In a stunning reversal, Gov. Chris Christie today announced plans to grab, over two years, $2.43 billion meant for public workers' pensions to balance New Jersey's ailing state budget.
The plan threatens to derail one of Christie's signature accomplishments in Trenton — a series of reforms to replenish New Jersey's strained pension fund over the long term — but it would solve an immediate crisis for the governor, who has to find $2 billion somewhere to cover budget shortfalls for the current and incoming fiscal years.
At a Statehouse news conference today, the Republican governor said his plan is to take $2.43 billion budgeted for the pension fund during this fiscal year and the next one. He ruled out alternatives such as raising the state income tax or cutting funds for schools and Medicaid.
To all my fellow public employees who voted for Chris Christie: I hope you're happy. This clown broke an explicit promise to you, and now he wants to take money out of your pocket and put your pension at risk. But, hey, he was such a straight shooter back in 2013, dontchaknow! And you just loved his no-nonsense style! Plus, he was with you on marriage equity/guns/abortion/insert-your-favorite-conservative-social-wedge-issue-here...A payment to the pension fund scheduled to be made before June 30 will be reduced — from $1.6 billion to $696 million — via executive order, Christie said.
Honest people can debate any of those social issues. But I've never understood how a public employee could think any of them are more important than being able to take care of yourself and your family.
Of course, back in 2011, when Christie - abetted by his Democratic allies in the legislature -- forced us to pay more into our pensions on the promise the state would start meeting its obligations, he told us that he was "fixing these systems in order to save them." Plenty of suckers appeared to believe this; only snarky teacher-bloggers, it seemed, bothered to point out that Christie had never put forth a plan to raise the revenue his legislation required. Over and over, the warning signs were there: without additional revenue, the payments required by Christie's law -- the one he constantly touted across the country -- would not be made.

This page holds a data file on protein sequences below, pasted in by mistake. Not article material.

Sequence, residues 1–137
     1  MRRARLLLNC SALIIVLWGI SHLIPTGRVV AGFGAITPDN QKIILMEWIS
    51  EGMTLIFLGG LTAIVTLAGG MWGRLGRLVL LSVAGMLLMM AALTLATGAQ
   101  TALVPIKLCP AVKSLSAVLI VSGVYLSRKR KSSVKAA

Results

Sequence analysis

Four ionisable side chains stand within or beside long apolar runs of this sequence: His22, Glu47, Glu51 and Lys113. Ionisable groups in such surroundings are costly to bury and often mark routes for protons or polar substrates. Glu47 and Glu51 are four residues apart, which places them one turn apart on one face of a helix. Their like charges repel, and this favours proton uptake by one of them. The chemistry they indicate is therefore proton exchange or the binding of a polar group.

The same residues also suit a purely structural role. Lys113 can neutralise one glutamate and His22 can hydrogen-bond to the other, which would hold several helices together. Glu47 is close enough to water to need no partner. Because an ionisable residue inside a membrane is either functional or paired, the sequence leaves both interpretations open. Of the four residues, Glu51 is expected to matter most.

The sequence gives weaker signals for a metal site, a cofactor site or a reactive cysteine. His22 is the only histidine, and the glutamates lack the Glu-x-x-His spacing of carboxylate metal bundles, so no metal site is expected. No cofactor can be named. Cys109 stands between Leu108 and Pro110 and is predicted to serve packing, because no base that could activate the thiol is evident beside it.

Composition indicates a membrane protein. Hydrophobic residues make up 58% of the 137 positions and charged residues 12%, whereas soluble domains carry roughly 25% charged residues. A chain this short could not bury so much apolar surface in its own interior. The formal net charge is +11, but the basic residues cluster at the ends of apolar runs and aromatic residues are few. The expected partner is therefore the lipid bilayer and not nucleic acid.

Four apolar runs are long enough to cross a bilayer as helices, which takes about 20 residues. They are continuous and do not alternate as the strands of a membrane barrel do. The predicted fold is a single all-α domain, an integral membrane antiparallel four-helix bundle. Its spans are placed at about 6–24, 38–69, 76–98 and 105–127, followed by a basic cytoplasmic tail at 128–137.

Flash forward to 2013 and the gubernatorial race: Christie still had not told us how he was going to come up with in excess of $5 billion by 2018. He refused to raise taxes on corporations or the wealthy, both of whom had making out like bandits under New Jersey's regressive tax regime:
This was Christie's signature legislation; his shining, bipartisan moment... but he still hadn't let us in on the plan. You would think someone -- anyone -- would ask him about this.
No one did.
Don't believe me? Here are the two debates from 2013 between Christie and his challenger, Barbara Buono. Number one:
And number two:
There were lots of serious questions about serious issues asked in the debates: marriage equity, minimum wage, gun control, property taxes, etc. There were also plenty of questions about issues that I think are far less important: Christie's political ambitions, the Christiecrats who endorsed the incumbent over Buono, Wawa vs. 7-11 (seriously), etc.